catch-22:(noun):a dilemma or difficult circumstance from which there is no escape because of mutually conflicting or dependent conditions.
I started in the field of software testing back in 2003. I am not hands on anymore, but I continue to engage with organizations in providing consulting and advisory services on software testing. My role involves listening to software testing leaders on their challenges, spend time with their teams to understand what they are doing and how they are doing it, observe and identify any gaps in the process, present the same to the leaders and their teams and how it impacts software quality, come up with approaches and measures to address them and help them get better over time.
After all these years, if I were to call one area as the “catch-22” for organizations when it comes to improving their software quality, what do you think would it be? Badly written tests? Choice of wrong automation tools? test automation framework? Sure, getting these wrong has its impact but I wouldn’t cite them as “blockers”. In my opinion, it is “Test Maintenance”. Why do I call this as “catch-22”? Let me explain.
Test maintenance is the process of keeping your tests updated all the time so that they reflect the features that your teams test on the application every day. In other words, as code changes happen every day, it is important to update your tests to ensure that they stay up to date with code changes. Both manual and automated tests need to be updated and maintained regularly and I will talk about manual tests first here, since they are the source for automated tests.
Often times, when sitting with testing teams in organizations I see that manual tests were built over time by different people and many have left the company. The current team continues to keep adding more and more tests to the suite but and it is not surprising to hear teams holding5000-10000 testcases in their test management tool and say that they need to run each of them for every release. And imagine if you were run these tests for 3 different browser/operating system/device combinations. Most teams do not know how to organize these tests and which tests to run for a release. Hence, when asked if all 5000/10000 needs to be executed for every release, they say “Yes” and claim that’s how it has happened in the organization for years now.
I am not getting into the challenges that exist in the scenario above, but readers can comprehend them. And the place where it becomes a “catch 22” is, when you ask teams to revisit the test suite and organize them better. They tell you that “not a single test can be removed from the test suite because no one knows its impact because they have not been updated and maintained over time.” And when leadership wants to start measuring “Test Effectiveness”, “Defect Finding Efficiency”, “Test Traceability to Requirements, Defects” they are in a quandary as it is impossible to collect any of these metrics because of one problem and that is “test suite not being updated and maintained regularly”.
It is important to update the manual test suite frequently. Ideally it would be good to update the test suite at the end of every release but teams often complain that they don’t have time for the same as releases keep happening bac to back. From my own experience, I have seen testing leaders asking for a week or so after every release to just update the test suite but that practice seems to be absent now. Many companies prefer the yearend holidays as a good time to update the test suite, but I think it has its own challenges, since all changes that happened over the year needs to be addressed at once.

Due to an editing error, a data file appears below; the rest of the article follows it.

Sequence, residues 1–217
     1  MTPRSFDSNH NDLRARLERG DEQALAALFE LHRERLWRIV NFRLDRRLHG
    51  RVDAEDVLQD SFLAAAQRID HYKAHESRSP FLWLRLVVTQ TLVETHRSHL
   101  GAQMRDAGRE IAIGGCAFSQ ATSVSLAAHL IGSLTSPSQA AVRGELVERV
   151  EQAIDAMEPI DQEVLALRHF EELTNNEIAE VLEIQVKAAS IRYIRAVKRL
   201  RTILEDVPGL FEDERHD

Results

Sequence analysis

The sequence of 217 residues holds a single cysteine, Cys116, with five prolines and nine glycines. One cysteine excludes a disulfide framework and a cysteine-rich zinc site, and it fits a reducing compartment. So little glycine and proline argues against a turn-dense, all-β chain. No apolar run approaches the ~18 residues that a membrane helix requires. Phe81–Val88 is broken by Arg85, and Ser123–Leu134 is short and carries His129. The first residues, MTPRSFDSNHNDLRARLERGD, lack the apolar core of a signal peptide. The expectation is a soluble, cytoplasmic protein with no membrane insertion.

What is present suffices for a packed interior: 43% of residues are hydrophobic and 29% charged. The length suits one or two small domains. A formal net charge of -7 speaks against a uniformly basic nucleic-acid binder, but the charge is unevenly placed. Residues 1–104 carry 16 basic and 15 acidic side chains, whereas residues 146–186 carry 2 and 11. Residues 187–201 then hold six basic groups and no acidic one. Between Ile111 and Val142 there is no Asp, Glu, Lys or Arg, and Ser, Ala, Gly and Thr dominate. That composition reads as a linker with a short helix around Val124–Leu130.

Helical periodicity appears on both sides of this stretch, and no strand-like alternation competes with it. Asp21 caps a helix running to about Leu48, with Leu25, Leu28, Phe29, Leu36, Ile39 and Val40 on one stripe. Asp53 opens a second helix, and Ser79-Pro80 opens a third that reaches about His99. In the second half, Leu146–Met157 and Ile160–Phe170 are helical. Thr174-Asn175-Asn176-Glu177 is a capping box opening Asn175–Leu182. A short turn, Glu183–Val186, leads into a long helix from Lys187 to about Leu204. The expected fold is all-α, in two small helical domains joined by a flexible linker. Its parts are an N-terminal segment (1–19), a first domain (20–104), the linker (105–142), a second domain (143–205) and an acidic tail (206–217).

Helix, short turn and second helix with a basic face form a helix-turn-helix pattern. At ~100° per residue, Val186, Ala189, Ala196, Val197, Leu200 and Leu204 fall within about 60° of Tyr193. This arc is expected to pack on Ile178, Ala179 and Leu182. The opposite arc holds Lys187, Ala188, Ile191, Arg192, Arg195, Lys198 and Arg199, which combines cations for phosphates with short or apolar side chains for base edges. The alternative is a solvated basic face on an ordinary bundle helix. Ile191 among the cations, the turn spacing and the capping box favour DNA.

The practice of building automated tests/scripts from manual tests seems to be slowly eroding and most companies have started embracing test automation from day one. As far as it effectively works for the team and the organization, it is fine to take that route though I personally won’t recommend that. Like manual tests maintenance is an inevitable task when you have an automated test suite. Given continuous changes to the codebase, we need to ensure the tests continue to work well as the application evolves. Developers adding new features or fixing newly discovered bugs, will affect your existing tests somehow. The team need to create new tests as needed or adjust existing ones due to these modifications.
Issues such as false positives, flakiness happen when automated tests are not kept up to date. Like the scenario mentioned with manual tests, as team members keep changing, I have seen that no one on the team spends enough time updating the tests and it’s nearly impossible to know how to solve the issues, so they continue to happen. This leads to multiple problems. The suite continues to grow, execution time increases, and there is lack of confidence in the test suite as it doesn’t help in finding regression issues and management starts blaming the organization’s test leadership citing no “Return on Investment(ROI)” from Testing.
A well-maintained test suite helps all stakeholders in the organization gain confidence on application quality. Constantly updating the test suite results in identifying issues quickly, track down the elements causing problems and helps eliminate any bottlenecks identified.